Sell Your House in 2 Weeks or Less

In the past eight years, we’ve sold two houses. Both times, we got multiple offers within the first days. Here are my best tips for selling your house in 2 weeks or less.

Sell Your House in 2 Weeks or Less www.thethreeyearexperiment.com

Now, it could be a coincidence or good market timing that we sold our houses so quickly. But, we sold our first house in 2010, at the height of the real estate market implosion, and we got multiple offers. Then, we did it again a few months ago when we sold our house in New Hampshire.

When we put both our houses on the market, there was a process we followed to get them ready for sale.

Get Professional Advice

When we decided to sell our New Hampshire house, the first thing we did was reach out to several local realtors. I made sure they knew we were interviewing realtors, and we’d like to schedule a consultation. Each realtor came in, walked the house, and told me what they thought needed to be fixed. One realtor was so specific about everything that needed to be fixed that it almost paralyzed me into inaction. Another realtor told me everything was fine. The best realtor told me the major issues to fix and paint, gave me cost-effective ways to fix issues, and told me what we could skip on the repair list.

Each realtor also provided a market comparison report, and the price they’d recommend listing the home. More on that in a minute.

Fix the Little Things

After we met with three realtors, we had a list of things we needed to get fixed.

  • broken towel rack in master bathroom
  • broken GFI (electrical) switch behind the washing machine
  • broken towel rack in guest bathroom
  • leaking kitchen sink
  • broken front door handle
  • no light in the shower
  • damaged drywall around the master jacuzzi
  • broken tiles in master shower

We had a similar list for our house in Atlanta. We asked around, and found a reasonably-priced and reliable handyman. I asked him to come over and take a look at everything that needed to be fixed and give me a price. I also asked him to buy any parts that I might need to fix these issues. He recommended an electrician friend of his who came over and fixed several of our electrical issues, and ended up being the best electrician I’ve ever worked with. We also called a plumber to fix the kitchen sink.

This stage of the process took about two weeks. It took awhile for all the repair people to come in and get things fixed, but as they were, we were working on the next step.

halway--www.thethreeyearexperiment.com

We’d also changed out several dated light fixtures last year. This is pretty easy to do, or pretty easy to get an electrician to do, and can help your house look much more modern. We spent about $200 on the whole project, for the lights.

old pendant lights-www.thethreeyearexperiment.com

Here are the old lights in all their stainless steel glory.

Kitchen sink light--www.thethreeyearexperiment.com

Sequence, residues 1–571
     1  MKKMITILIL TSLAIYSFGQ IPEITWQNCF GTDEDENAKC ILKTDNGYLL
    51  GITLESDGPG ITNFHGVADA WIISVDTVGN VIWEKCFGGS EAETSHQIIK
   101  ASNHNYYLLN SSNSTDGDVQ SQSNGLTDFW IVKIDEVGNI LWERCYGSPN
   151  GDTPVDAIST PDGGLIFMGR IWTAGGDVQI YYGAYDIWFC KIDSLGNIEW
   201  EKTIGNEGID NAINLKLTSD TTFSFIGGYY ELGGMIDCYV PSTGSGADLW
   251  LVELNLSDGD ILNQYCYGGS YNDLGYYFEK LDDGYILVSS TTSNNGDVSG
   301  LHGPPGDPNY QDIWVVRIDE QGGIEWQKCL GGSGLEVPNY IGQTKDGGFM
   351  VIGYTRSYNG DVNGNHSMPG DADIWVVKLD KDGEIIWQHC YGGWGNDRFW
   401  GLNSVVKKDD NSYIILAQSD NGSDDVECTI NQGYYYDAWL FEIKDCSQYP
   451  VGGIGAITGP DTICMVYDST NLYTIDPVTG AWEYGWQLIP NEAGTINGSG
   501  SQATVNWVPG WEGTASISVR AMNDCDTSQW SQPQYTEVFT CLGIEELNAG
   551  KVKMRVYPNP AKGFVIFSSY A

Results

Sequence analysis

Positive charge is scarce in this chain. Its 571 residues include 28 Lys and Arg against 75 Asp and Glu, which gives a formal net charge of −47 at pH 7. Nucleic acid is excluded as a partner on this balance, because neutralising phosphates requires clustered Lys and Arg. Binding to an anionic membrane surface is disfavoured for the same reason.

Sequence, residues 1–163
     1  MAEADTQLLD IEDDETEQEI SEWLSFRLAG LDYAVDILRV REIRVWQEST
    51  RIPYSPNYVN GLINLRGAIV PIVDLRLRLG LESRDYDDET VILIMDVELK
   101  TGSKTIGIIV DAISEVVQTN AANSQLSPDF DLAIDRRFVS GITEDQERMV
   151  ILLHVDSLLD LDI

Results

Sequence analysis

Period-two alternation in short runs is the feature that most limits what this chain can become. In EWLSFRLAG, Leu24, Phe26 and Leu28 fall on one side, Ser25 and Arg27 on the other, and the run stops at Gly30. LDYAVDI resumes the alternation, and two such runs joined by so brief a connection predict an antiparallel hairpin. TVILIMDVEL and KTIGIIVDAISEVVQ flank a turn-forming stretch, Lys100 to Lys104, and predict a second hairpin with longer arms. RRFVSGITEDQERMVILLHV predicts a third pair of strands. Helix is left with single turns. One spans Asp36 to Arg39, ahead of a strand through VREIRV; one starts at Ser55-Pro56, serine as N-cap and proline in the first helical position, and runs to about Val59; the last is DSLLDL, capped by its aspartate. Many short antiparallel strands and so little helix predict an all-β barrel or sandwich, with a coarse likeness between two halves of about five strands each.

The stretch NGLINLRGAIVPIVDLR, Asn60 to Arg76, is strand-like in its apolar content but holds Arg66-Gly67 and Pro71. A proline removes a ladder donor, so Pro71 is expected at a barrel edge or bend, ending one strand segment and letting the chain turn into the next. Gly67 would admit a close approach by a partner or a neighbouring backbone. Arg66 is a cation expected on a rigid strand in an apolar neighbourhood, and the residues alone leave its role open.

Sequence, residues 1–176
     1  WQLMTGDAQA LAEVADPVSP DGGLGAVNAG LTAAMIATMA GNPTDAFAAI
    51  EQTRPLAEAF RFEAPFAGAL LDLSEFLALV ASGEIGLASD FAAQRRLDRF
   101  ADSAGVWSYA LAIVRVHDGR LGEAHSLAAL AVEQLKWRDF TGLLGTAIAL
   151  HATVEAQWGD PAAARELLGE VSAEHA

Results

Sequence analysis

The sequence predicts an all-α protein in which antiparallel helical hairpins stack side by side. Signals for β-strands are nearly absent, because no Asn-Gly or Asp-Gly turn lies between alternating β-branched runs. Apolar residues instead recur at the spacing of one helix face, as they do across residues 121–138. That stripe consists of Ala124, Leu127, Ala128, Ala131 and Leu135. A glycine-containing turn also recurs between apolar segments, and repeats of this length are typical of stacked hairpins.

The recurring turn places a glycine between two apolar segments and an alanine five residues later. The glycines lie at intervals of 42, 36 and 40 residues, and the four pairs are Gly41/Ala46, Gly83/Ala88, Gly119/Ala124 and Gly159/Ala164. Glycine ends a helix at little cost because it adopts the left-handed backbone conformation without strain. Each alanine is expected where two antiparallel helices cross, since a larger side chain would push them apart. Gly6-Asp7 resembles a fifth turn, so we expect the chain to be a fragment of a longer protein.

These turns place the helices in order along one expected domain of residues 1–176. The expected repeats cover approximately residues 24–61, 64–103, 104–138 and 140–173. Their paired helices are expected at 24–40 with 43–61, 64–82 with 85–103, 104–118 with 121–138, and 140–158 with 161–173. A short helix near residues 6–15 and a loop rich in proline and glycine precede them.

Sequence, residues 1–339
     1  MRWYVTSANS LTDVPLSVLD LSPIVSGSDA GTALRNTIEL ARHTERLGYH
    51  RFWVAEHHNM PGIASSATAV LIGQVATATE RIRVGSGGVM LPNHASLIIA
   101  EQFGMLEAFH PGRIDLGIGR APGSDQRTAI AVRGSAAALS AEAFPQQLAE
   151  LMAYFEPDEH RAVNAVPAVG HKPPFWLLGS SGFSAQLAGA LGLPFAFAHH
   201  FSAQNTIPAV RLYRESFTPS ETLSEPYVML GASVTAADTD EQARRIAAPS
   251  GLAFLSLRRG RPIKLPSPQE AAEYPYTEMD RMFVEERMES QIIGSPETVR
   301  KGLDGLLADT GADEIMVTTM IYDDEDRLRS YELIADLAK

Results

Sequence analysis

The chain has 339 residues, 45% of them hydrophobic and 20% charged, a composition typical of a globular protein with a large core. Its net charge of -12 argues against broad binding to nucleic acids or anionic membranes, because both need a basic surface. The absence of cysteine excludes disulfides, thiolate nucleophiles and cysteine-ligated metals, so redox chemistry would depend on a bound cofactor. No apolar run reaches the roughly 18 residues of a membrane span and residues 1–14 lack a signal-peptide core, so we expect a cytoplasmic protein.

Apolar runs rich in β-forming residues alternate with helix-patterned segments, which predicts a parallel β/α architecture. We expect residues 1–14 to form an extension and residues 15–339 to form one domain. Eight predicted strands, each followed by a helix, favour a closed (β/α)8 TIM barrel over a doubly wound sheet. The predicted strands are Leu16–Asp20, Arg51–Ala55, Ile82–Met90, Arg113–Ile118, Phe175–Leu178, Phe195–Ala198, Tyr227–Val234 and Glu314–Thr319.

Here are the new, updated lights. They match the stools if you notice from the picture above.

Paint

In Atlanta, we hired someone to repaint our whole house, outside and in. Because we lived in a major city, we were able to find a painter who was willing to do the job for $2500. Granted, it was the middle of an economic depression, and he needed a LOT of oversight, but it was feasible. In New Hampshire, you’d never find someone to paint for such a price, because service people are in such high demand and there’s little competition (it’s why our new roof cost $14,000 instead of probably half that price in Atlanta or Charlotte).

In New Hampshire, it was DIY all the way. We ended up painting the bathroom upstairs, our master bathroom, and the mudroom to our finished basement. We also touched up areas on our ceiling and around the house where there were holes or gaps. This stage took for-ever. I loathe painting, even though I’m not terrible at it, so I seriously procrastinated for awhile. I’d say it took a total of about two months to get all the painting done, because I’d paint a bit, then take a break for 2-3 days, then paint some more.

gray guest bathroom painted www.thethreeyearexperiment.com

This is the upstairs bathroom after we painted it. We used a neutral gray-toned beige in a lot of the house. It’s important to pay attention to paint trends when you paint. The idea was to make the house look very neutral to potential buyers, but also up-to-date.

In hindsight, I should have repainted these rooms slowly over time, but I had a pretty big mental block about it. When we bought this house, we did all the painting ourselves, and I somehow ended up with the thought that I’m a bad painter. But I’m not, when I take my time. It’s good to know for the new house.

Declutter

I know these tips are ones you read over and over again, but for the love of Pete, declutter your house. For both houses that we’ve sold, we took ev-ery-thing off the counters and put it into boxes. We found a spot for the boxes in our storage closet (although your garage or your closet would work fine). We boxed up all the pictures we had lying around. We took all the toys in the boys’ rooms and put them away. They got to keep a box each (which they were fine with–read this for more). We put 90% of our books in boxes. We cleared everything off the kitchen cabinets. We put the toys in the basement in boxes. We took everything out of Mr. ThreeYear’s office space and boxed it up.